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Ḥayyim Abraham Raphael ben Asher


ḤAYYIM ABRAHAM RAPHAEL BEN ASHER (d. 1772), Jerusalem rabbi and kabbalist. Ḥayyim was a member of the bet din of Raphael *Meyuḥas, and later av bet din in Jerusalem. Toward the end of his life, in 1771, he was appointed rishon le-Zion (Sephardi chief rabbi). In 1731 (or 1734) he published in Constantinople the Sha'arei Kedushah of Ḥayyim *Vital. Between the years 1734 and 1765 he traveled as an emissary of Jerusalem, seeking contributions in Constantinople, Italy, France, and Egypt. Ḥayyim was a signatory of the Shetar Hitkasherut ("articles of association") of the society of kabbalists. Head of the yeshivah Yefaʾer Anavim in Jerusalem, he cosigned the takkanah forbidding bachelors between the ages of 20 and 60 from residing in Jerusalem. He gave approbations to many works, among them the Zivḥei Shelamim of Judah Diwan (Constantinople 1728), and the Shulḥan Gavoha of Joseph Molkho, Salonika, oḤ 1756; yd 1764. He died during a famine and plague that raged in Jerusalem.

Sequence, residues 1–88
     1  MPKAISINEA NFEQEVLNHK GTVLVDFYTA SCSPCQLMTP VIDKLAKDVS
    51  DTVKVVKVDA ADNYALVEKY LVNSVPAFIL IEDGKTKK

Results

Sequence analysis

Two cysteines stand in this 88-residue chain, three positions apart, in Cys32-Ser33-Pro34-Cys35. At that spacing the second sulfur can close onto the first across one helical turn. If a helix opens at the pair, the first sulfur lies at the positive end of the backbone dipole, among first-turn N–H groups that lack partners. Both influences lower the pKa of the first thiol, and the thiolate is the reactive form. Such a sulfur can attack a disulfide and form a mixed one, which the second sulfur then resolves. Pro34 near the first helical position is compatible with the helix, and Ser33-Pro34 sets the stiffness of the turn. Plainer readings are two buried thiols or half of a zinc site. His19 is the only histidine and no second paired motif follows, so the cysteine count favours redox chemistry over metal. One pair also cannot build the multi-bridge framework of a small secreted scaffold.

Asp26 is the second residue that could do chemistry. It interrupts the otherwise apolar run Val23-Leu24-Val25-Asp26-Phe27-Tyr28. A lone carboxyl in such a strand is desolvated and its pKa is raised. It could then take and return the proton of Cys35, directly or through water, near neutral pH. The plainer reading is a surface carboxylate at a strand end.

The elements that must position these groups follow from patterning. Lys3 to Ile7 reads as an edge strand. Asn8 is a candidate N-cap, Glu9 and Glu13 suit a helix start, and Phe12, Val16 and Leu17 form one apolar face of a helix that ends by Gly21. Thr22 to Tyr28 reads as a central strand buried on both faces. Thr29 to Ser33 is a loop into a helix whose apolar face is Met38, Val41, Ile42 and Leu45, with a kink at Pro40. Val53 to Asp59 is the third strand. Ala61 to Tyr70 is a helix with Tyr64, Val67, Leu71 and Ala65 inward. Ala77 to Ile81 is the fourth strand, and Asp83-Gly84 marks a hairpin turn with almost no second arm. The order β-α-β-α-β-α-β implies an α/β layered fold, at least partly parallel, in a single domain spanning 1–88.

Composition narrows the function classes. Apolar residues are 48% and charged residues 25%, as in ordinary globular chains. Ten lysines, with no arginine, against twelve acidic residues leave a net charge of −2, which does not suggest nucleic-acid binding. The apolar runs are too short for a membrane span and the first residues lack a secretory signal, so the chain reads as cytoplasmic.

Frumkin-Rivlin, 3 (1929), 98f.; Yaari, Sheluḥei, 289–91; Rosanes, Togarmah, 5 (1938), 240, 243; Katsh, in: Sefunot, 9 (1964), 323–35.

[Simon Marcus]

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